Almost like an episode of the TV show, Cold Case Files, the first Paxil birth defect trial was dominated by a story about what happened to the rat pups that died around 1979 and1980, involved in a study in which Paxil was being tested on pregnant female rats.
The animal studies giving Paxil to rats and rabbits were conducted by a Danish company called Ferrosan before the drug maker, that later became part of GlaxoSmithKline, purchased the drug.
The family's lead attorney in the case of Kilker v Glaxo, Sean Tracey from Houston, brought in the world-famous neuropsychopharmocology expert from Wales, Dr David Healy, to testify extensively about rat pup study 295.
In summary, Healy told the jury that all the rat pups born to mothers who received Paxil were dead four days after they were born, while eighty-eight percent of the pups not exposed to Paxil were still alive on day four.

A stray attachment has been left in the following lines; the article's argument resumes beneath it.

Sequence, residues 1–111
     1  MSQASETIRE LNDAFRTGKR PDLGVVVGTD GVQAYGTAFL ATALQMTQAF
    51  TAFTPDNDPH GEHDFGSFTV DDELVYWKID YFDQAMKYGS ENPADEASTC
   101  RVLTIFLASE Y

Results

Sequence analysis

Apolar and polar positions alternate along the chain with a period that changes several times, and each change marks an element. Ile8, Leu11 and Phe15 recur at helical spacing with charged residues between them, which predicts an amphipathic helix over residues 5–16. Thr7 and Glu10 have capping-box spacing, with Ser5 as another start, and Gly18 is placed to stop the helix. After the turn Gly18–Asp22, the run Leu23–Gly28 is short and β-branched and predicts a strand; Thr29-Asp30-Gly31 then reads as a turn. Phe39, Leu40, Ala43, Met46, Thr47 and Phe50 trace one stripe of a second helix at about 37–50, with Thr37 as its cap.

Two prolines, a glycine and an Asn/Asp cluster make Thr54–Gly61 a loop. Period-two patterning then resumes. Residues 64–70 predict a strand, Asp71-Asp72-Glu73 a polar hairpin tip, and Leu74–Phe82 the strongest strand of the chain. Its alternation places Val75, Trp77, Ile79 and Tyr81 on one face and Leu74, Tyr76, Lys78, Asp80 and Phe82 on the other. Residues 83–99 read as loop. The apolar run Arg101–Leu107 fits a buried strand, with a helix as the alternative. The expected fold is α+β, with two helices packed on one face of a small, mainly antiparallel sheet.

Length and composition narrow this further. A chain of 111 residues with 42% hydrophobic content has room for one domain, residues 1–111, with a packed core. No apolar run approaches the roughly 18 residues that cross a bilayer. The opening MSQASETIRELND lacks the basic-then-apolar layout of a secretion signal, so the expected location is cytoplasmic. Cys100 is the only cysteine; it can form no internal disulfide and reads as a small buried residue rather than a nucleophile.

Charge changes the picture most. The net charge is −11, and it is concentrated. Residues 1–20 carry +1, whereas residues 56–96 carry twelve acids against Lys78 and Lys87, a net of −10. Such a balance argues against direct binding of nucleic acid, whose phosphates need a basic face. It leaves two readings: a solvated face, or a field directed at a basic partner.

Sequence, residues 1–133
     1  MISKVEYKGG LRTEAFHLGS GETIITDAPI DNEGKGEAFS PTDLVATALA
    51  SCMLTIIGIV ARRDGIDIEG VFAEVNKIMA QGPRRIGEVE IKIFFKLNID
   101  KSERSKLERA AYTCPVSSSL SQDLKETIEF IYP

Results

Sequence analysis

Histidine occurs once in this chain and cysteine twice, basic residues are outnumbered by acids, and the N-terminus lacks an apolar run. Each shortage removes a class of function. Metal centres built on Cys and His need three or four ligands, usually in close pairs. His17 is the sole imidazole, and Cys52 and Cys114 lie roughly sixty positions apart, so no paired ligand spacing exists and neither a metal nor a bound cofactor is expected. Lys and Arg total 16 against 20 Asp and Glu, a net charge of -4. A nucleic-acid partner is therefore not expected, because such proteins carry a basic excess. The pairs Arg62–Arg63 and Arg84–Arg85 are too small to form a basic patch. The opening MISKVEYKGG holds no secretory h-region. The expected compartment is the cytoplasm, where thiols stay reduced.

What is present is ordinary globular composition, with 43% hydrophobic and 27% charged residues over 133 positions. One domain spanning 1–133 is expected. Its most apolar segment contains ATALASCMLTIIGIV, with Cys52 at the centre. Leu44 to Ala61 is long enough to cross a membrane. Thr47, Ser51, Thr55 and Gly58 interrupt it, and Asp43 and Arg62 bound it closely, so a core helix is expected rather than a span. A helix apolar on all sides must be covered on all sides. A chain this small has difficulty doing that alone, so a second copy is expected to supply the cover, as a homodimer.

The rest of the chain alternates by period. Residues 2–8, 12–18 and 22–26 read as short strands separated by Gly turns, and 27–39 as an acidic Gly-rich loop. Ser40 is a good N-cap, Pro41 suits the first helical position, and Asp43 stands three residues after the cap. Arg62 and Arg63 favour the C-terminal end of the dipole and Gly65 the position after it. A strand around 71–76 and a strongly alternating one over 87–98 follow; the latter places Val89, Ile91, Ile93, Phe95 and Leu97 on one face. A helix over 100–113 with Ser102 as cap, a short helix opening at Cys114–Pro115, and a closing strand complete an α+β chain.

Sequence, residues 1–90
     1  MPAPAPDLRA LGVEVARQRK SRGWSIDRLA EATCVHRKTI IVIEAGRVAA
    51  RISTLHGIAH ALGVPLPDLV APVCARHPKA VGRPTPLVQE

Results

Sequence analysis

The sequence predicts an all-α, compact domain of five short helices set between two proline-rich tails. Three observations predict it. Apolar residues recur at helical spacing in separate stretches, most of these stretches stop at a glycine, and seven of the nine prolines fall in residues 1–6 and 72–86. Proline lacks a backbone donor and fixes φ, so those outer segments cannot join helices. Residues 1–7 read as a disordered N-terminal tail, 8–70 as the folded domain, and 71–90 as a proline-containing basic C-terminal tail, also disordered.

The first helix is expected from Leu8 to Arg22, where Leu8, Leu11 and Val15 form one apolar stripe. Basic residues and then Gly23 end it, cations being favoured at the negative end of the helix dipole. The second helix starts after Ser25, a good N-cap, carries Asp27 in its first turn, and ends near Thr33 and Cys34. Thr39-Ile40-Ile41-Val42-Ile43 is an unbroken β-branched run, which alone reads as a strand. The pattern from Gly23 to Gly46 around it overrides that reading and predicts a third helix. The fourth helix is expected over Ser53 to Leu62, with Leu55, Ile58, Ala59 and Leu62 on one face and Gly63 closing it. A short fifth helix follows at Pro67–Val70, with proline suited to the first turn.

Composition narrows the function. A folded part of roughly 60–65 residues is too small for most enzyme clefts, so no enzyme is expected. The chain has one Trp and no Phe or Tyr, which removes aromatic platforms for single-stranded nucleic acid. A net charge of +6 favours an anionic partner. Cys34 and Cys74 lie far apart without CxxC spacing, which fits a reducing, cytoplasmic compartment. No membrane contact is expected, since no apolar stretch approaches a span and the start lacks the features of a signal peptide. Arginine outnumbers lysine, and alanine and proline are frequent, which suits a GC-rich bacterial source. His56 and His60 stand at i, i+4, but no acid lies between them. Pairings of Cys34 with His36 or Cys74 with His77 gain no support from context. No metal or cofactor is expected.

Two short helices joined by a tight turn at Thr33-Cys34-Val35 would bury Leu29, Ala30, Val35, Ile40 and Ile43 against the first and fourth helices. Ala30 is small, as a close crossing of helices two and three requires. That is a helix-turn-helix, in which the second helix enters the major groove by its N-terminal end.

In fact, of the 415 rat pups born to mothers who received Paxil, Healy testified that, "One in every ten or actually maybe more like possibly one in every eight or so were born dead."
As far as he could make make out, all the rats were not autopsied, Healy said, so the question was why the pups died.
"It's clearly the drug that has caused the death," he told the jury.
"One of the possible reasons for their death is they're born with birth defects that lead to them actually dying early in infant life," he testified. "A responsible approach to data like this is to investigate it further and find out just what the cause is."
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